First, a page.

by Jennifer Corgan, The Old Schoolhouse

You have worked for thirteen long, hard years and have finally arrived at your destination: graduation day! It was not an easy road, but with strength and perseverance on the part of you and your child, you have finally achieved the goal you have been working on for so long. Some people will think that this is the end of the road and that there are no other options for a homeschool child. But as a homeschool parent, you know that this is just the beginning. And that new beginning is college. 

It is a misconception that homeschoolers cannot get into college or have a much harder time than their traditionally schooled peers. This could not be further from the truth. Colleges are looking to diversify their schools, and they are welcoming homeschoolers with open arms. Homeschoolers are still a tiny percentage of overall applications, but admissions officers say their applications usually stand out from the rest. Colleges are realizing that these well-mannered, high-achieving students are a boon to their academics and student life. 

Recruiters recognize homeschoolers’ high achievements, and this is from the full spectrum of colleges. Some of the best and most competitive universities are actively recruiting homeschoolers. This includes Harvard, MIT, Duke, Yale, and Stanford, to name a few. Homeschoolers represent a desired level of talent, and they usually have an impressive reading list, letters of recommendation, AP credits, and experience in volunteering and the arts. Recruiters are noticing this. 

Colleges are adjusting their admissions policies to make them friendlier to homeschoolers. Instead of just relying on transcripts, many are now accepting portfolios and various educational proofs. Another common misconception is that homeschoolers must get a GED to be eligible for federal financial aid, but homeschoolers are exempt from this. They can receive federal funding and loans, just like their traditionally schooled peers. 

Homeschoolers typically earn more college credits than their peers before they enter college. On average, they earn 14.7 college credits compared to 6.0 credits from traditionally schooled students. Homeschooled students also do very well once they are in college. They outperform their peers from start to finish. First-year homeschooled freshmen have an average GPA of 3.37 compared to their counterparts who earn a 3.08 GPA. Homeschooled college seniors receive a GPA of 3.46 compared to their peers who earn a 3.16. 

Following are six ways you can increase the chances of your homeschooled student getting accepted into college, even an elite one. 

1. Plan for a balanced curriculum. Colleges will look for areas of weakness in a student’s curriculum. This is especially true for math, sciences, and foreign languages. Most colleges will have requirements in these areas, so it is essential that a student have a well-balanced transcript in these areas. 

2. Create a portfolio. Homeschooled students should assemble examples of their best work across a wide range of subjects. This will allow an admissions officer to see the quality and extent of the student’s work and not just grades and courses.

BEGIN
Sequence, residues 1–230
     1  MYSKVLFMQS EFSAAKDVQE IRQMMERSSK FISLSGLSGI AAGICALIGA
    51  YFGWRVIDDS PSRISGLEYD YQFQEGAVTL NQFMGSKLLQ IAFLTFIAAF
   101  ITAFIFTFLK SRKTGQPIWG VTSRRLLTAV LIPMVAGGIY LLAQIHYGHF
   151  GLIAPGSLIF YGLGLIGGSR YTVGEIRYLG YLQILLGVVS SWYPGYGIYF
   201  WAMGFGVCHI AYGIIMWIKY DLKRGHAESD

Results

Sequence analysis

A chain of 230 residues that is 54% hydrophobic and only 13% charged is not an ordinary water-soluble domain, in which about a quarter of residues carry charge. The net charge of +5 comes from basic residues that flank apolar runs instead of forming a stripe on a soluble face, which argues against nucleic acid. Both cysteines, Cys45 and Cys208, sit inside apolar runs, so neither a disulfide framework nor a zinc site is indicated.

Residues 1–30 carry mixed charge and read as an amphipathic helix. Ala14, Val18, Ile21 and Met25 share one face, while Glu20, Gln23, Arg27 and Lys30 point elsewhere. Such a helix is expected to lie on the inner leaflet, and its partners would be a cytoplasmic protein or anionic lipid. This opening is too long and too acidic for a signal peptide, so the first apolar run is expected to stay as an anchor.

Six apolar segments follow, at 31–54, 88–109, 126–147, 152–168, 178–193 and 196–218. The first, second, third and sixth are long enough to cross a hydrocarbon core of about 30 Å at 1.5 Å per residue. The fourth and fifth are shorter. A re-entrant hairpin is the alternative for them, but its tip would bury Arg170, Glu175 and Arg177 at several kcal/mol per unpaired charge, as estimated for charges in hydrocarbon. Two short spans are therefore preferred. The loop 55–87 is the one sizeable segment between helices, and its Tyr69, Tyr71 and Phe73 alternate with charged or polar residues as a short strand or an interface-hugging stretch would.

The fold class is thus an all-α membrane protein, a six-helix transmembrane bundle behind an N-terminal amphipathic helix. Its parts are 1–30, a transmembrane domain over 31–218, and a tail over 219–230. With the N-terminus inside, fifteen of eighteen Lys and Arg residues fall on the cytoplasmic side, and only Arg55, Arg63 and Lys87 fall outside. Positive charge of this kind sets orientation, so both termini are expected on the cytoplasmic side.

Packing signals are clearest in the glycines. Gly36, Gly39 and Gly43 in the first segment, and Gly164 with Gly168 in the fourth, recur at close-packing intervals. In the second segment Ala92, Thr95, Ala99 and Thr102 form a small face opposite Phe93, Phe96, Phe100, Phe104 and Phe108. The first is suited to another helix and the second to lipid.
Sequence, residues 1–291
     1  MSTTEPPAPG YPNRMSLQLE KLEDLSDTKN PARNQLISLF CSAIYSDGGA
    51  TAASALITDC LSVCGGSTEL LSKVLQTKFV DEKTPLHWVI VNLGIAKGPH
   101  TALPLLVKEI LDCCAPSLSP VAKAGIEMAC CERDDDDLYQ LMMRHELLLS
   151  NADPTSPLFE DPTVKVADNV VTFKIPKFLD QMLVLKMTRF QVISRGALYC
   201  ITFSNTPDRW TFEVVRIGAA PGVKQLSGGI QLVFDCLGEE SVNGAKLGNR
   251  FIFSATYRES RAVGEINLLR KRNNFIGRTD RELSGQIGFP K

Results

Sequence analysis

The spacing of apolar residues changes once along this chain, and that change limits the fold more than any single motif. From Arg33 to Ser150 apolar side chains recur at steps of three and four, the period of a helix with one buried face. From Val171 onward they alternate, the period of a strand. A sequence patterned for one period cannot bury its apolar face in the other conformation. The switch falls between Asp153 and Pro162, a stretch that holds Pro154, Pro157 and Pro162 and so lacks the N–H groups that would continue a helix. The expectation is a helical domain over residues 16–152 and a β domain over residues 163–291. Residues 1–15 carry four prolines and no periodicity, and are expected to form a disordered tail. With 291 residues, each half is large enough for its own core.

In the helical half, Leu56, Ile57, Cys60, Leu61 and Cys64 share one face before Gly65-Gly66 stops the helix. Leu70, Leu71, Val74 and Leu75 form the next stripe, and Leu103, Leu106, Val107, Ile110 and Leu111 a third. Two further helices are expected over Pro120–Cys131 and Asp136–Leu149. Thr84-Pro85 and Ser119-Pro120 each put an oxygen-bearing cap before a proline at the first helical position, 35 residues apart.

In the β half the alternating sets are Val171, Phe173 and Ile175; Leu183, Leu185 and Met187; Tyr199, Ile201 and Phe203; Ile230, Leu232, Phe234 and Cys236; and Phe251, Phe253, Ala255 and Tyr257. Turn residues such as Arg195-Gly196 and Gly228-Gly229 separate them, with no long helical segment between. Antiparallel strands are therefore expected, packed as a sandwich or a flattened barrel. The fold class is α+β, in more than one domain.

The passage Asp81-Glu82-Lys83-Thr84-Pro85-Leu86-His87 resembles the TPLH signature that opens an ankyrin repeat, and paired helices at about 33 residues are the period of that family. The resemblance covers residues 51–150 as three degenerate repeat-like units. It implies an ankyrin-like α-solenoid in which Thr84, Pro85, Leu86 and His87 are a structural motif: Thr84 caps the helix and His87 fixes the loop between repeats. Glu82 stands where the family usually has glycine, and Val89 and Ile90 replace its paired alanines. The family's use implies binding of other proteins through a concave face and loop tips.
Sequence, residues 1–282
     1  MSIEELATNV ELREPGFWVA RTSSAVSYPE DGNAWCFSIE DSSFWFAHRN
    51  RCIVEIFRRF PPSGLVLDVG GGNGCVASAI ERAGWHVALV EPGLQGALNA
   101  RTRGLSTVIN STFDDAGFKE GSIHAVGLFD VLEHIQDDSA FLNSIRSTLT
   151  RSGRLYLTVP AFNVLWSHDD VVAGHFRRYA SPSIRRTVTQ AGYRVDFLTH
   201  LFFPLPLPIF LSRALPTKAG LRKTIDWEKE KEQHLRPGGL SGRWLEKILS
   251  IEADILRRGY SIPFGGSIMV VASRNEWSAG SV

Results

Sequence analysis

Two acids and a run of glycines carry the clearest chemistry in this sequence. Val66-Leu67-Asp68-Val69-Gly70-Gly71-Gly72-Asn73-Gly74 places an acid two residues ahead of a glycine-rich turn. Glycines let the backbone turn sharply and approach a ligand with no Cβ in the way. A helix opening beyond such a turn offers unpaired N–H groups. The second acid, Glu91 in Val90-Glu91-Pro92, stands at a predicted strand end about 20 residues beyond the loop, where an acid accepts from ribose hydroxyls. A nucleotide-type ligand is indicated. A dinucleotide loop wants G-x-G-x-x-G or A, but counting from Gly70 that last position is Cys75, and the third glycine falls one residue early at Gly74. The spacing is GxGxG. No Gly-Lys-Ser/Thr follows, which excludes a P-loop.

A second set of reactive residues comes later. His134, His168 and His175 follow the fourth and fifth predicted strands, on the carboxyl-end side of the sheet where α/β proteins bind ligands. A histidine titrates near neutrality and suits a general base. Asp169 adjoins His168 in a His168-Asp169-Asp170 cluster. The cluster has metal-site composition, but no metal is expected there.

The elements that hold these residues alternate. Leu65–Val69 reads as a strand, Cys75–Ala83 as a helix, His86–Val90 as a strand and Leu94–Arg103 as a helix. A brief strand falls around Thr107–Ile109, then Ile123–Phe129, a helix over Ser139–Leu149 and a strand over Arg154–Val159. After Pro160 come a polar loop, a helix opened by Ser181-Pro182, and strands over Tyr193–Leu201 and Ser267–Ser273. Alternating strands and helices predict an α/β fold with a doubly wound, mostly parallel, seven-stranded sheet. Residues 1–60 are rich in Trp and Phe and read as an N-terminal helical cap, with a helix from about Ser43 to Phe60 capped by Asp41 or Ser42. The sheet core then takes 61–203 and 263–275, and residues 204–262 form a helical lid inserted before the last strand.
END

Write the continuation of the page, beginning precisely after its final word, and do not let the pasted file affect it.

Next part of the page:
3. Consider attending a residential college summer program. This will give them an excellent introduction to college life, and will prove to a college admissions officer that they can function and thrive in a conventional classroom. Another alternative is for students to attend a local community college for some classes during their academic years. 

4. Prepare for standardized tests. SAT/ACT scores are significant for homeschooled students. They should take the SAT subject tests and the ACT for an opportunity to score high. 

5. Schedule a campus interview. Not all schools do this, but homeschooled students should make every possible effort to get one. Ask to speak to an admissions counselor directly. Most college counselors will accommodate the student for an interview. 

6. Let your child take center stage. Parents have been involved in their children’s lives for eighteen years, and it may be hard to relinquish that control. But it is vital to let your child handle adult responsibilities, and this includes college and all that it entails. You can still help your child, but let him or her take the lead. 

In the past, homeschoolers faced considerable hurdles to getting into colleges, especially highly regarded ones. But what was true thirty years ago is not true today. Colleges, including Ivy League ones, are rolling out the red carpets to home-educated students. They know these students have excellent track records and a deep commitment to academic success. The road is completely open for homeschooled students to attend college just like their traditionally schooled peers. 

About Jennifer
Jennifer Corgan is an experienced freelance writer and copywriter. She loves her writing to instruct, inform, and engage others and give them the best content that they need. She has done articles, blog posts, sales letters, email marketing, social media posts, sales funnels, Facebook ads, white papers, and case studies on a wide variety of topics and genres. She is especially experienced in the health and wellness genre. Follow her at

Copyright 2020, The Old Schoolhouse®. Used with permission. All rights reserved by the Author. Originally appeared in the Winter 2020-21 issue of The Old Schoolhouse® Magazine, the trade publication for homeschool moms. Read The Old Schoolhouse® Magazine free at, or download the free reader apps at for mobile devices. Read the STORY of The Old Schoolhouse® Magazine and how it came to be.